3 Ways to Cut PVC Pipe
Take the frustration out of cutting plastic pipe with these pro methods for square and accurate results.
PVC (polyvinyl chloride) pipe is a type of plastic tubing commonly used for drains. These are the white pipes with purple primer often seen in residential basements. Ambitious DIYers attempting a kitchen or bathroom renovation, as well as those who like to tackle their own plumbing repairs, will likely have to work with PVC pipe. Moving a shower, sink, or toilet—even simply replacing a rusty sink trap—will require some PVC know-how.
Dealing with PVC can be a bit tricky. While you’ll have no trouble finding the necessary fittings and cements to bond pieces of pipe together, the difficulty often comes when cutting PVC pipe l. Poor technique tends to leave the cut ends off-square with pesky burrs bound to hinder a would-be plumber’s progress. The good news is that with the proper method and tools, you can cut PVC pipe for square, smooth results.
There are three tools that will allow you to cut PVC pipe with enough accuracy to ensure a tight seal: a PVC cutter, a handsaw, and a miter saw. Depending on the space you’re working in and your comfort level with tools, you might find one a better fit over the others. No matter your preference, you’ll find instructions for how to cut PVC pipe with the tool of your choice ahead.
Before You Cut
Almost all materials benefit from a little lubrication during the cutting process, and PVC pipe is no different. Lubricants keep friction down, which allows the blade to glide easier. Lubricants can also keep dust and particulates from getting into the air.
When cutting PVC pipe, choose a lubricant with a silicone base like WD40 Specialist Spray Lubricant (available on Amazon) or a food-grade lubricant like cooking oil. These oils are safe for plastic, so they won’t eat away at the pipe as some other solvents will. Applying a quick spray directly on the pipe is all it takes. Any more than a short burst will make the job messier than necessary.
Using a PVC Pipe Cutter
Using a PVC pipe cutter (such as this Ridgid ratcheting PVC cutter available on Amazon, good for up to 1⅝-inch pipe)—which looks like a pair of pliers with a very sharp, thick blade fitted on one side—is by far the quickest, most convenient way to cleanly cut PVC pipe. Operation is simple: Place the pipe on a stable surface like sawhorses or a workbench (even a cabinet will do), line the blade up on the cut mark, hold the tool square, and then squeeze the handles together to push the blade through the PVC. Pro Tip: Keep your PVC cutter blade sharp and use it in temperatures above 50 degrees; below that, PVC becomes brittle and a dull blade can crack the pipe.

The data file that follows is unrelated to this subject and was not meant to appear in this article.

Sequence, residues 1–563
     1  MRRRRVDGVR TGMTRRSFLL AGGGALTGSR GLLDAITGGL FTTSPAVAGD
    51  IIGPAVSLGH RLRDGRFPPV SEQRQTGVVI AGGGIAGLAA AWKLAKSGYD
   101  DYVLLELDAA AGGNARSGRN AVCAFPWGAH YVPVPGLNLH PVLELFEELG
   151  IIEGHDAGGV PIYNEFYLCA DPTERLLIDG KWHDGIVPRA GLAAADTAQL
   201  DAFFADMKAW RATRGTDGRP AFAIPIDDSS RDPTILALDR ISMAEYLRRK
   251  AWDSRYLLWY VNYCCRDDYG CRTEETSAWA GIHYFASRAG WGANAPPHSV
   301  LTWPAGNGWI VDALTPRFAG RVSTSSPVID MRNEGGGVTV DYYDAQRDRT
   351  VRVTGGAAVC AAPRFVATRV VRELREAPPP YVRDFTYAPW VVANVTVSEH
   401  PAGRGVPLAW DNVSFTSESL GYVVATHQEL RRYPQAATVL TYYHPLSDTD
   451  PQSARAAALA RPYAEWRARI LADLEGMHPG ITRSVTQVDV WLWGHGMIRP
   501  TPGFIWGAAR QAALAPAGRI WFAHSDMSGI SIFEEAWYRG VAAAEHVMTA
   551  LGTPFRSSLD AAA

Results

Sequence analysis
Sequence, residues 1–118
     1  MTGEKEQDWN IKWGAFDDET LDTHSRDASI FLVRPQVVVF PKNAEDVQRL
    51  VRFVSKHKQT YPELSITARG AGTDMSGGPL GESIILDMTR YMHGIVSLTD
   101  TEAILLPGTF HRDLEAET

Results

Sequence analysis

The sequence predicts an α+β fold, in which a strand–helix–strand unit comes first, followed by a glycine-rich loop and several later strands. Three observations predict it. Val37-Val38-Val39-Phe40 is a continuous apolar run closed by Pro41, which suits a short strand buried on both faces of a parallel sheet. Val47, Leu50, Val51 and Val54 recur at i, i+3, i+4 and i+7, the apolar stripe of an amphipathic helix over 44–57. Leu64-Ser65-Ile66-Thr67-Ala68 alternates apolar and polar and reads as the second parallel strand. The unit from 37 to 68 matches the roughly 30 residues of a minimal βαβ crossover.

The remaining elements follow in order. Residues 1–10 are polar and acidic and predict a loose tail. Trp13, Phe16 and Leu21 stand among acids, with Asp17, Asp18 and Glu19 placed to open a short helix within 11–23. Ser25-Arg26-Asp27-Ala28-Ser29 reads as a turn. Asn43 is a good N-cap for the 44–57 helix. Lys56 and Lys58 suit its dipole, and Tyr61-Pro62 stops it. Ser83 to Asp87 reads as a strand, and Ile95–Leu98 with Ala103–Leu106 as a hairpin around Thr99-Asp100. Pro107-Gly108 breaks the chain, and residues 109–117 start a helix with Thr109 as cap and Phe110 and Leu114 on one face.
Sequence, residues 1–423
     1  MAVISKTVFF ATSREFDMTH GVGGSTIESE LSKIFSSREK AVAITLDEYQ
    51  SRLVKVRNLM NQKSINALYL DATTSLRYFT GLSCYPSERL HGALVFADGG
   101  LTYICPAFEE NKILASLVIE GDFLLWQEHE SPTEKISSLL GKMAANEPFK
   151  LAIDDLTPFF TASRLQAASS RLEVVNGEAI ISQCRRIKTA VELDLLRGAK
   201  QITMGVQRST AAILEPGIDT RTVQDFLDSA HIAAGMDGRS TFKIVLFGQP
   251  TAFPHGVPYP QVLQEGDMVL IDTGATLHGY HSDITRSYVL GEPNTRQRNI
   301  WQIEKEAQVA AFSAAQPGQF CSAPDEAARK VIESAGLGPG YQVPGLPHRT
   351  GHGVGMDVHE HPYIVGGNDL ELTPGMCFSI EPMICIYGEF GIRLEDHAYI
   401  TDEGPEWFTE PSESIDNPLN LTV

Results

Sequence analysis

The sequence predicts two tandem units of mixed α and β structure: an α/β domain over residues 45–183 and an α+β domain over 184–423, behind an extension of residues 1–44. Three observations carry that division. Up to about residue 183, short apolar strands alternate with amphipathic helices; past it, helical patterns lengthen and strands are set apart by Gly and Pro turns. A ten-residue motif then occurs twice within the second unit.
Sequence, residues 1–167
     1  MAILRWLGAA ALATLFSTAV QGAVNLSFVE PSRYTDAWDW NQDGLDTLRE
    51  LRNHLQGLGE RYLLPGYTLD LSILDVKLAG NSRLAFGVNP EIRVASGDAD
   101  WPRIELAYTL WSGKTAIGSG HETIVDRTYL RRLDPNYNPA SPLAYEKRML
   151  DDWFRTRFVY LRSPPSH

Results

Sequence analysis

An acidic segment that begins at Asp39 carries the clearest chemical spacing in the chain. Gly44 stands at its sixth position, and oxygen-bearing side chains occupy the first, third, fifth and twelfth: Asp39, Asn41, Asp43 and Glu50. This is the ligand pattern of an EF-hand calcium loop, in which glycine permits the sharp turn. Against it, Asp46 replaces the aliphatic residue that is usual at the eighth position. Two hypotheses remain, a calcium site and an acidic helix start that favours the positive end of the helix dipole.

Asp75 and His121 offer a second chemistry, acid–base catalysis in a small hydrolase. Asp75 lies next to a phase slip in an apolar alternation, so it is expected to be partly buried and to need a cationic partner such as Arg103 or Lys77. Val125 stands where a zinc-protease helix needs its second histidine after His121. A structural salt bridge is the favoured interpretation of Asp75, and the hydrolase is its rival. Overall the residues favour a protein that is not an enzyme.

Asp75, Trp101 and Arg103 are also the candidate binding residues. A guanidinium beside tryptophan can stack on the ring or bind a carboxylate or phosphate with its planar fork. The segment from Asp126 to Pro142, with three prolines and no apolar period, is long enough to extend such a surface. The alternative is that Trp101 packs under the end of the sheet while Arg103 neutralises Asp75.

Note: Squeeze-style cutters are only capable of cutting PVC pipe with smaller diameters. For pipes 2 inches in diameter and larger, a rotary-style cutter (a far more expensive tool) is required. The Ridgid Plastic and Copper Tubing Cutter (also available on Amazon), for example, will work for plastic pipe up to 4 inches in diameter.
Cutting PVC Pipe With a Handsaw
Just about every DIYer has a hacksaw or carpenter’s handsaw. To successfully cut PVC pipe squarely with either of these basic tools, use a guide for the blade to follow. One way to accomplish this is with a miter box, like this Great Neck model (available on Amazon), which provides a built-in square angle to guide the saw blade. (Bonus: The miter box comes with a saw suitable for cutting PVC pipe.)
Be sure to go slowly to help ensure that the blade stays perfectly on course. Don’t jam the blade into the PVC pipe, just guide it back and forth. This is what tradesmen mean when they say, “Let the saw do the work.”
Cutting PVC Pipe Using a Miter Saw
A quality miter saw (a powerful electric saw typically used in carpentry) can cut PVC piping accurately. The cuts are nearly guaranteed to be square because miter saws lock into place at preset angles, one of which being 90 degrees. Position the pipe against the fence of the miter saw so the cut mark is easily seen, line up the blade with the desired cut mark, lift the saw up and start the blade, and slowly lower the blade into the PVC pipe until it cuts all the way through. If the miter saw doesn’t cut all the way through in the first attempt, let the blade come to a stop, then twist the pipe so the remaining material can be cut with a second drop of the blade. Twisting the pipe while the blade is running is unsafe and hardly ever accurate.
Pro Tip: For fewer burrs on the cut ends of the pipe, use a fine-toothed blade, such as the Freud 10-inch Thin Kerf Plywood Blade (available on Amazon), in the miter saw. To minimize burrs even more, install the blade backward and lower it through the PVC very slowly.
No matter what tool you use and how carefully you cut, there will still be some burrs left behind. These errant bits of material can hamper a perfect fit and, later, potentially clog up filters and screens down the line. There are two quick ways to remove these burrs:
- Run a sharp utility knife around the inner and outer rim of the cut. Hold the blade at a slight angle to allow it to run smoothly along the rim and shed off the tiny burrs.
- Sand the inner and outer rim slightly with 120-grit sandpaper or plumber’s cloth. Don’t go overboard; only rub off enough to smooth away burrs. Any more than that runs the risk of a poor fit.